Create a Choice by Asking for the Prospect’s Business

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Prospect Theory tells us that the fear of loss (objective: wealth preservation) is greater than the hope for gain (objective: wealth creation). This fear dominates when it comes to financial circumstances, especially among those with accumulated wealth.

A wealth management business can only grow with clients willing to take a risk that the likelihood of the proposed solution’s stated benefits are greater than the easier choice, keeping the status quo. In other words, getting a new client requires the prospect to believe strongly in the hope for gain. While alternatives are in front of the prospect, a choice doesn’t actually arise until a question is posed to make a decision.

Confirming Proposed Benefits

Today, with e-commerce, the sales process is shifting from personal persuasion to objective evaluations.

The marketplace accesses a wide array of expert and current-user opinions about a service/product’s advantages and disadvantages. While other customers’ opinions have always mattered, no longer is it the neighbor down the street who weighs in on a product’s merits, but people scattered near and far, with structured star ratings accessible by a mouse click.

There’s a four-step evaluation process at work:

  1. Benefits are presented
  2. Current customers are sought to confirm the validity of these benefits (i.e., ratings, references, recommendations)
  3. The proposed benefits’ value is either believed or dismissed
  4. A decision must be made

A Decision with Life-Changing Implications

Wealth management in all its forms has one underlying pressure on the prospect’s mind: “The adviser I choose can change my life and even the lives of my children and grandchildren.” The implications of a bad choice weigh heavily—and justifiably—on the decision and the necessity for thoughtful due diligence. The prospect only needs to read the headlines to appreciate the catastrophe that befalls those who pick the wrong practitioner.

This weightiness leads to inertia. To break inertia requires a more powerful force.

Asking Is a Force

In the absence of choice, people will stay in an existing comfort zone. However, when we’re asked to do something, a choice emerges between the comfort zone and the new path. Only a “Yes!” decision ignites the benefits from the new path.

Placing a decision point in front of someone forces a conclusion. Either the prospect believes in the hoped-for benefits and says “Yes!”; the prospect believes that other options are more attractive and says “No!”; more information is needed or the timing isn’t right and the prospect says “Not now.”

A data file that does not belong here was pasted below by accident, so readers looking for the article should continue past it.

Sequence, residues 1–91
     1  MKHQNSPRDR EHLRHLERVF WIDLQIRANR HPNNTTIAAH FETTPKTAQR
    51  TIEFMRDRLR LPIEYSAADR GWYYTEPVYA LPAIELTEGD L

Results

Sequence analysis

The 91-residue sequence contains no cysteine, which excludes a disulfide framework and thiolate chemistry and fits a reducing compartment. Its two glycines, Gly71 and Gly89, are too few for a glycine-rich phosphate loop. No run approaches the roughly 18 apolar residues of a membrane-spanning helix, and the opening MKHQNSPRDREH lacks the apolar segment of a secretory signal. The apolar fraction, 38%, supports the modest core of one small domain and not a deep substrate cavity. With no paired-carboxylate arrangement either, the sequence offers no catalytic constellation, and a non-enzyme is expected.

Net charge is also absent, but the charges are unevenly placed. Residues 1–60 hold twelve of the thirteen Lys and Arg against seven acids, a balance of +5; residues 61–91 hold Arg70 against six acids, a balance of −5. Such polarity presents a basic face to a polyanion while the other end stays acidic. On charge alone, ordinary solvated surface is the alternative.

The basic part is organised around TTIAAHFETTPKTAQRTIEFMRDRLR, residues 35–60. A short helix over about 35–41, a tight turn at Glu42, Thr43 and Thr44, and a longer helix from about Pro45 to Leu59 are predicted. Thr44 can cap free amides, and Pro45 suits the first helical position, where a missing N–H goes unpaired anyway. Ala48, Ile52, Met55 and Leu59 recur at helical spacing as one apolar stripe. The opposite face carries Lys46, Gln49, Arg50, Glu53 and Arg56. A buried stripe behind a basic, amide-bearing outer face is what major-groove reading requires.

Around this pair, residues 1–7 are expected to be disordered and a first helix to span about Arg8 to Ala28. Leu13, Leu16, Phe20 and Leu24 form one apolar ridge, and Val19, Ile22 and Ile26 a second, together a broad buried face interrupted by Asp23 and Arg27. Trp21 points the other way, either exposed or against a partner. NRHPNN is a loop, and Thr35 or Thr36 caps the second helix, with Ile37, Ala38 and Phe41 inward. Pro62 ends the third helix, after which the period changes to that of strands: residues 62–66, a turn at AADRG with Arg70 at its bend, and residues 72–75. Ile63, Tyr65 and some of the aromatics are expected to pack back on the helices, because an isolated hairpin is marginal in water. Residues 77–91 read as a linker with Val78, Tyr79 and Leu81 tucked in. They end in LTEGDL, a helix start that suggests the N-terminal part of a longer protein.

Regardless of the answer, achieving a response brings clarity. The following are basic principles that form the foundation for advancing the sales process to a decision.

1. People want to be asked or invited. Our social nature, combined with a fear of rejection, makes people appreciate being invited to belong. Directly asking for business can be a relief to the prospect: “I want you as my client. Are you ready to move forward with me?”

2. Asking in person. Holding a face-to-face closing meeting conveys confidence, importance and stature to the prospect. This also intertwines the solutions’ benefits with the practitioner (see my blog “Your Product Is You”).

3. Closing the process. Selling wealth management services involves many steps. A practitioner who closes the process sets an expectation for action. For example:  “We’ve learned a lot about each other through our meetings. I strongly believe the X, Y and Z benefits I’ll deliver are key to your long-term success. Is there anything standing in the way of you choosing to hire me?”

4. Getting to a final answer. A practitioner in a sales relationship has invested time and advice with a hoped-for revenue payoff. Therefore, it’s vital to get a final answer—“Yes” or “No”—as quickly as possible. (A “Not now” answer after the sales process has concluded puts the onus on the practitioner to make one of two business decisions: (1) continue investing time to remove obstacles, or (2) close the process and move on to other opportunities.)

The social dynamic of asking for something and the corollary fear of being rejected operates strongly for most people. What’s often lost in the practitioner’s personal anxiety are other important business advancements such as investing time wisely, seizing opportunities, reaching objectives and meeting client needs. These advancements require the practitioner to believe that his or her hope for gain is greater than the risk of rejection. If this belief isn’t strong enough, a business won’t thrive.

Kirk LouryKirk Loury
Wealth Planning Consulting Inc.
Princeton Junction, New Jersey

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